Gathering Information: In order to better understand the need for this course, I surveyed four literacy teachers at my school teaching grades 6-10. They were asked questions about their use of Understanding by Design, their use of contextualized learning, their application and understanding of inquiry-based learning, and their comfort level with the design-inquiry cycle.


Summary: A summary of the responses can be found in this Google Survey Summary


Analysis and Revised Intent: In general, teachers expressed a decent understanding of the cycle. Teachers expressed moderate use of the context for their units and their essential questions. The surveyed teachers had extremely varied definitions of inquiry-based learning. One of the teachers believed that inquiry-based learning was only accessible to students who have already achieved mastery of subjects and are highly motivated and independent students. In terms of their use of inquiry-based learning, the surveyed group was split on their comfort level with and use of this type of teaching. They expressed moderate to high interest in using the inquiry-design cycle in their classroom.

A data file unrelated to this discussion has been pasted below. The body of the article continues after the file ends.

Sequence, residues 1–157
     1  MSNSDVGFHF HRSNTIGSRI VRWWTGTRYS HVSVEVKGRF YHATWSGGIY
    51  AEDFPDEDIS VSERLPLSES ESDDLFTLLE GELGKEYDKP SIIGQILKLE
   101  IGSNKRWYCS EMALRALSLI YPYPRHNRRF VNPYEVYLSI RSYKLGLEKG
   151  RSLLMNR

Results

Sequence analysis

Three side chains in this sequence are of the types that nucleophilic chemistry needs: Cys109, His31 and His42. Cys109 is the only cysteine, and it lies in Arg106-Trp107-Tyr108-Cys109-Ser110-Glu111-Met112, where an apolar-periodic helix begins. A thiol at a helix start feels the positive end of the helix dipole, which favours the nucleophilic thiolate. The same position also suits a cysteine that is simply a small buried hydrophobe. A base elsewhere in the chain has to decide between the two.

Largely, the intent of the course will stay the same. I am now aware that it will be necessary to clearly define inquiry-based learning early on in the course to improve teachers' understanding of this type of teaching. I also now know that I will need to emphasize means of scaffolding and differentiation for lower-level students for use in inquiry-based activities. Additionally, I will need to clarify and highlight the benefits of using the design-inquiry process to quell teachers' fears about their students' learning.